I am convinced that IT /computerisation is one of the reasons we are in an economic crisis now. Apart from the fact that without computers the kind of sleight of hand that has been going on with Hedge Funds and CDSs and naked shorting and so on, IT is a cost on production. The more our offices have had to tool up over the years, the more it has squeezed our profit margins.
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PostSubject: Re: Which Irish Bank has the best technology?   Wed Oct 15, 2008 7:36 pm

I'd mostly agree with you there but I don't know anything about the second paragraph so wouldn't personally comment.

But yea, aside from certain industries which involve complex computations and that, or improved accountancy software most businesses don't actually need the latest technology. Solicitors being a prime example as I highlighted above.
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PostSubject: Re: Which Irish Bank has the best technology?   Wed Oct 15, 2008 8:34 pm

Slim Buddha wrote:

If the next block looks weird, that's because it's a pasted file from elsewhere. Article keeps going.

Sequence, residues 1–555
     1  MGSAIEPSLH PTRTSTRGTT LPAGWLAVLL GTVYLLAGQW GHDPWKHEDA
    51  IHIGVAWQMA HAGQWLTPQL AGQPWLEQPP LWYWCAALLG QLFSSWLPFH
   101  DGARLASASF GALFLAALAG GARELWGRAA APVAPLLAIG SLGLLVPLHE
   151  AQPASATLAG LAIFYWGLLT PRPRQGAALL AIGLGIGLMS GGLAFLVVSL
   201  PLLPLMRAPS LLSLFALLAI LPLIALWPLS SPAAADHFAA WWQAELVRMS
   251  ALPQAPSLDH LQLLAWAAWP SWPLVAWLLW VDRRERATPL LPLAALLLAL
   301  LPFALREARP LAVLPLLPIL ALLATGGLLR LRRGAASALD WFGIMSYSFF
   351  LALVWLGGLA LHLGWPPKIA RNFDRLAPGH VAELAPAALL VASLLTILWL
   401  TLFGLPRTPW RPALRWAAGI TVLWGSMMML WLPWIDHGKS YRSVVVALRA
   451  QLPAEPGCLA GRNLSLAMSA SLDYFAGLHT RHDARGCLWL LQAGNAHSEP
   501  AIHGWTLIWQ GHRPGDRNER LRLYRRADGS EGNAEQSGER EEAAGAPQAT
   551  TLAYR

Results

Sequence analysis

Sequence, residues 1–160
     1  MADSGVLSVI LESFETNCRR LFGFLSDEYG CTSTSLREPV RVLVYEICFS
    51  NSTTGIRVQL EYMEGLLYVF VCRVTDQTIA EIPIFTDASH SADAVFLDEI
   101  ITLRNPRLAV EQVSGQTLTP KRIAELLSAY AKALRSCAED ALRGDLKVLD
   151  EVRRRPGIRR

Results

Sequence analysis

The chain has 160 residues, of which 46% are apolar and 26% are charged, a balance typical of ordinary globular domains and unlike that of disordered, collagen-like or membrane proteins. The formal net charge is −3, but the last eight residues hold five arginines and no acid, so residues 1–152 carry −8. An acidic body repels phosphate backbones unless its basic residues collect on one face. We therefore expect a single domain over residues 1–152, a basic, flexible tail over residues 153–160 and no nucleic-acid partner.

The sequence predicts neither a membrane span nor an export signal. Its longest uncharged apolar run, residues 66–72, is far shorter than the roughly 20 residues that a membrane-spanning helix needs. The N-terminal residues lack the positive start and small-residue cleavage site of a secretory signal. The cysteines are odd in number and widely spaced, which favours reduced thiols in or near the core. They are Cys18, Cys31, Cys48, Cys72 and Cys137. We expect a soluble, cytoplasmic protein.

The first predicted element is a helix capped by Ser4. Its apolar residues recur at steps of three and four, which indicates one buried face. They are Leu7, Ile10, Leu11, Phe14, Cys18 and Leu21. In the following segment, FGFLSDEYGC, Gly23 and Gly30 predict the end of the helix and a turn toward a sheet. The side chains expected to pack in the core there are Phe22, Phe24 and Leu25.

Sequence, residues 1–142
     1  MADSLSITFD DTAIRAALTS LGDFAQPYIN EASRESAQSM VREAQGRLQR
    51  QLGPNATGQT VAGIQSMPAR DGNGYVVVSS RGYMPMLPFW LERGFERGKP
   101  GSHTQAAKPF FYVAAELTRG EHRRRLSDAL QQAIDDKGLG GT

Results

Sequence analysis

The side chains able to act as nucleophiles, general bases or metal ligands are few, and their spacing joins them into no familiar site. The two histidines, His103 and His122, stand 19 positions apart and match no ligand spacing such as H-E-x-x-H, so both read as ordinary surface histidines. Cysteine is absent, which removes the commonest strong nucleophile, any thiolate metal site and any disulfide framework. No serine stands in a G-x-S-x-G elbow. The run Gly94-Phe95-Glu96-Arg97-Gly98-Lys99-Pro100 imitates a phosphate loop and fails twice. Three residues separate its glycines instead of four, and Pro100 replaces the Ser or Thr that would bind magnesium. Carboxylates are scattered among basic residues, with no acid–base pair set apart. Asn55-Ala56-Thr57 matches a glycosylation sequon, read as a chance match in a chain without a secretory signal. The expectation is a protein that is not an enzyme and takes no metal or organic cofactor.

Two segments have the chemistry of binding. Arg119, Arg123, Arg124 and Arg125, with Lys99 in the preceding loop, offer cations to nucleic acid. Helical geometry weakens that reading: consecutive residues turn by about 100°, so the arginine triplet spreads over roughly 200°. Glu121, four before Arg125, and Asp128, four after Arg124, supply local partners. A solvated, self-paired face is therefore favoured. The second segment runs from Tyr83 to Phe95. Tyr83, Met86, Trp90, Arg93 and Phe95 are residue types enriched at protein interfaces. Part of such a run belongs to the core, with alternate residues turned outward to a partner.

A cousin of mine is a Systems Engineer and deals with a lot of the country's big customers. The worst? The banks. By a country mile. Dithering management and uneducated user groups. Yet insufferably arrogant. The best? Department of Social Welfare. Highly educated user groups who are allowed by management to take responsibility for the relationship with the IT provider. Constant communication and feedback to the IT provider. Always seeking improvements and working with IT provider to that end.

Interestingly, he said that the SocWel guys are highly aware of the fact that their "customer base" are very dependent on them to do their job right and they act accordingly to a highly professional standard.
That's a good example - the end user of the system - in this case the guy or lass who gives you your dole if you're so lucky, are vital in the development process and are too often overlooked in many organisations as sources of feedback There are all sorts of exceptions to deal with and it's great if a system can be modified easily to accomodate change. So if you get a part-time job or some temporary/contract work then you go to the dole office and hopefully they will have a button there to do everything fairly quickly; if they haven't then there must be a system whereby they can percolate that feedback back up the chain. Often the end-user will work directly with the IT analyst which is good.